But when the sun comes out, the colors are amazing.   The amount of life in these shallow waters is overwhelming – and fascinating.   (I can’t take credit for this picture – one of the other senior missionaries has a real underwater camera, not just a generic case over a regular camera.)



Well, when we get tired of the water, there’s always the beach.  Just crash, like this guy, who will remain unidentified to all except those who love him best.  Cool breeze, shade and sun as you wish – do we really have to leave?  


You can see that the "sand" is crushed coral, on our beaches.
And when you want to go for a walk, there’s a million things to look at.  Shellhunters can find sand dollars (even ones still filled with sand!), little conch shells with spidery extensions, and bits of broken coral along the beaches.  We’re allowed to take the shells home, but we’re asked to leave the coral, since it’s what builds the beach.  Every senior missionary home has a seashell display!


Maui is one of these faces, but I haven't found out which one yet.
He's also a demi-god in Hawaii.
Tongan legend tells of a mythical figure named Maui who was given a great fishhook, and while fishing with the hook, snagged it on something tremendous.  He tugged and pulled for hours, thinking it was a huge fish.   Finally he brought it to the surface, and found it was something even better than a fish – the island of Tongatapu.   My favorite thing about this legend is that it is pretty close to the scientific theory of how tectonic forces pushed the coral up above the surface of the sea – but Maui’s hook gives an easier explanation to this island’s relative similarity to a column rather than a pyramid.  


Whether Maui or tectonic forces shaped this island, it’s a wonderful place to be.  And the salt water therapy? I’m kind of hoping it takes another 20 months to have its full effect.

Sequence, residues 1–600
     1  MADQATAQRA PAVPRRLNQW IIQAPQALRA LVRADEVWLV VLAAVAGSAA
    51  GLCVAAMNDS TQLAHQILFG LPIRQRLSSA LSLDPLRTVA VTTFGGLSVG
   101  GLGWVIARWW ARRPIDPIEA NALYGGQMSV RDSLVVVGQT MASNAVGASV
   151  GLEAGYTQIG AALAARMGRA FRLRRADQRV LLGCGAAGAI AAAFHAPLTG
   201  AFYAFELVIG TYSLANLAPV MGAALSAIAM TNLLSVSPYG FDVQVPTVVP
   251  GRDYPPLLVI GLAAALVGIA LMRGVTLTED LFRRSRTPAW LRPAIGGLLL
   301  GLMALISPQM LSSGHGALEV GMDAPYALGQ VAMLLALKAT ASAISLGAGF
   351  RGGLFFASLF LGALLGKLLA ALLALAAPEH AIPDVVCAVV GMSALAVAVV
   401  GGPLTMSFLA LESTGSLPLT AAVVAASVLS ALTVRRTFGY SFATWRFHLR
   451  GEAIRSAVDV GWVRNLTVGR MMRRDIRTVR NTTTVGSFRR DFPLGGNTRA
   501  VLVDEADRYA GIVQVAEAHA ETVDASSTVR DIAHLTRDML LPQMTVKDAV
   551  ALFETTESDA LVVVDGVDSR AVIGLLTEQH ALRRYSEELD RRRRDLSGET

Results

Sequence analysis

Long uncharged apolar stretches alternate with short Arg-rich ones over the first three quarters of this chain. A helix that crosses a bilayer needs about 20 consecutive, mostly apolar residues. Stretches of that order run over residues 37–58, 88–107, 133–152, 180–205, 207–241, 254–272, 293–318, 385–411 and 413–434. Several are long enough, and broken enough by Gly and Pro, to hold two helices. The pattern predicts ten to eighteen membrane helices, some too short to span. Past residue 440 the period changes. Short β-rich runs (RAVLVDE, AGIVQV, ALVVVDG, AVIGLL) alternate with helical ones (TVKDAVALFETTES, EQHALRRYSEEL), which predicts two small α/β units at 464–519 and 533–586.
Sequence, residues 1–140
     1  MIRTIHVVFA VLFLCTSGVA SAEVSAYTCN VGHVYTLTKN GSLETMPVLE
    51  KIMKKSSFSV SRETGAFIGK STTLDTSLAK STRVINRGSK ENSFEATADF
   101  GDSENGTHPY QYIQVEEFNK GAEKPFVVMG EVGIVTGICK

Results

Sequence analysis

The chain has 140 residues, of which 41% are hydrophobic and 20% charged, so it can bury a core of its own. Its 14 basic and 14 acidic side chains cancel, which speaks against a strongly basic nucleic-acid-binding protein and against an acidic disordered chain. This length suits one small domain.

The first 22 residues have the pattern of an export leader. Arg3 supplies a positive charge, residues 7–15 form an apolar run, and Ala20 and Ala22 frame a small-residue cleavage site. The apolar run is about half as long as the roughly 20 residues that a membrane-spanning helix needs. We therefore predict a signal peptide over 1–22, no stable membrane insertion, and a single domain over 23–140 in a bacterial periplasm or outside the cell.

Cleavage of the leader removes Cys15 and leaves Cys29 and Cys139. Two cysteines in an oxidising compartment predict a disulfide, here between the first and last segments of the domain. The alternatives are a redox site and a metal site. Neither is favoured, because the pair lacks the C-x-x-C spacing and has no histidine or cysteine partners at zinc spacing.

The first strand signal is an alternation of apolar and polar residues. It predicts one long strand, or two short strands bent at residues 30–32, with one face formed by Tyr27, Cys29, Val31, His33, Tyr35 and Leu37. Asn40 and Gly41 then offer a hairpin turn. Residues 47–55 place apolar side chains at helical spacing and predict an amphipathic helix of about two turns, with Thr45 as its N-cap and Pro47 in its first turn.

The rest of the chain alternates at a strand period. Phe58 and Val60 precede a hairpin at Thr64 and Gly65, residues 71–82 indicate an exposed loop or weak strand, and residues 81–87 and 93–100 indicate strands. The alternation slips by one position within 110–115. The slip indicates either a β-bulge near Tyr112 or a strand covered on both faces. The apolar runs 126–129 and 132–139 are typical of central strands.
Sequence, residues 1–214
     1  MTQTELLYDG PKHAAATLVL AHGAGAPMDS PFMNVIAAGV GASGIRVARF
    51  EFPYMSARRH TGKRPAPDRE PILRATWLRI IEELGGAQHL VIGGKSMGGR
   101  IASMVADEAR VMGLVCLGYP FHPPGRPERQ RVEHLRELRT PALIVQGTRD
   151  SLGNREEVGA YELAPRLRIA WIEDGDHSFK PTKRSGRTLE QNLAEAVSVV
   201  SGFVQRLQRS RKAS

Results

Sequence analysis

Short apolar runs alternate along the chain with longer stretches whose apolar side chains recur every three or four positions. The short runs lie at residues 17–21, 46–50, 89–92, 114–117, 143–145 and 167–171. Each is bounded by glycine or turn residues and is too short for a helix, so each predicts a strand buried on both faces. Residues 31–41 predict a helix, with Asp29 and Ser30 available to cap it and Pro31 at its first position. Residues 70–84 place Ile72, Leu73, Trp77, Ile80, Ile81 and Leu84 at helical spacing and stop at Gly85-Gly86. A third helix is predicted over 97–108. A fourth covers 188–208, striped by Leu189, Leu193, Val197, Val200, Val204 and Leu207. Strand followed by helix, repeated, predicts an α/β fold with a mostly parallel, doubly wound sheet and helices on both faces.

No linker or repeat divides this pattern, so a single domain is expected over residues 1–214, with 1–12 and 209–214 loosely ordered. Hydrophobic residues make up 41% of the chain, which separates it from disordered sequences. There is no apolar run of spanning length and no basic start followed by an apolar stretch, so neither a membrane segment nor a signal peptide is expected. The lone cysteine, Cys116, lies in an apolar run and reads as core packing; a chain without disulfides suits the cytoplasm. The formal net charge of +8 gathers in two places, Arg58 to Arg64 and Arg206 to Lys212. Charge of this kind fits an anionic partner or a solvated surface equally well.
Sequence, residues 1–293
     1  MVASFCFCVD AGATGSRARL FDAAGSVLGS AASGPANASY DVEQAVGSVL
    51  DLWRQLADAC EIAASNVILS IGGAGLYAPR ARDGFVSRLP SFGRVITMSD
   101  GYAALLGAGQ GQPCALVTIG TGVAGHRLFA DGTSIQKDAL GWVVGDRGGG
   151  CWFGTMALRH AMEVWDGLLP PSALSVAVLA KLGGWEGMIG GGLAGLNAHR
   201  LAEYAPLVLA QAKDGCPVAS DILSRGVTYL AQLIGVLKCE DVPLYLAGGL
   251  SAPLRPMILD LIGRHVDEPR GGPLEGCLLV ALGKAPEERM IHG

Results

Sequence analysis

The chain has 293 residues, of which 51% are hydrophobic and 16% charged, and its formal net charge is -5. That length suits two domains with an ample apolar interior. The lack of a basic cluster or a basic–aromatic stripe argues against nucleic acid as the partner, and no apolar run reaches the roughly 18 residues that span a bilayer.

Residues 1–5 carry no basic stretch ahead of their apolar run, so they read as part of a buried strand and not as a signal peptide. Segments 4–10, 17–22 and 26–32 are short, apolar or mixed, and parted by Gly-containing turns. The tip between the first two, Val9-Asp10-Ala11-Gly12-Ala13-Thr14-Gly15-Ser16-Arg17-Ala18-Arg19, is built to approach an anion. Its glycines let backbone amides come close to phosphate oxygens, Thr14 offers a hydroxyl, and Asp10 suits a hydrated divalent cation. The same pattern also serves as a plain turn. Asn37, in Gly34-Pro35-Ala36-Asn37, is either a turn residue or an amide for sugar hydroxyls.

3 comments:

  1. I'm trying not to be jealous...unless, of course, it stops being a sin! You deserve this, not the ankle, of course, the beautiful surroundings! It seems that one could never be bored, with so much to see there, and it all seems to change! Can you post that pic of Maui, that would be neat! I hope your salt water therapy is successful in the way things go in Tonga, peaceful and paced nicely. And that you and Jim enjoy every minute!

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    1. Like I said in the Falls Church FB page, it's a sacrifice, but it's one I think I can make...haha. I'll try to find an image of Maui. The guy at the craft stall at the downtown market probably can tell me which one is Maui. I won't be able to do it this week, though - I'm in meetings all week. Soon, I promise.

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  2. It’s good to hear that you've found a great way to help your broken ankle recover. When my daughter got her knee injured, her doctor advised her to take swimming as well as a simple form of keeping her body on the go and, at the same time, allowing herself to get better slowly but surely. Swimming is an efficient way to keep your muscles active and a good means to rebuild your flexibility and strength.

    Lani Waugh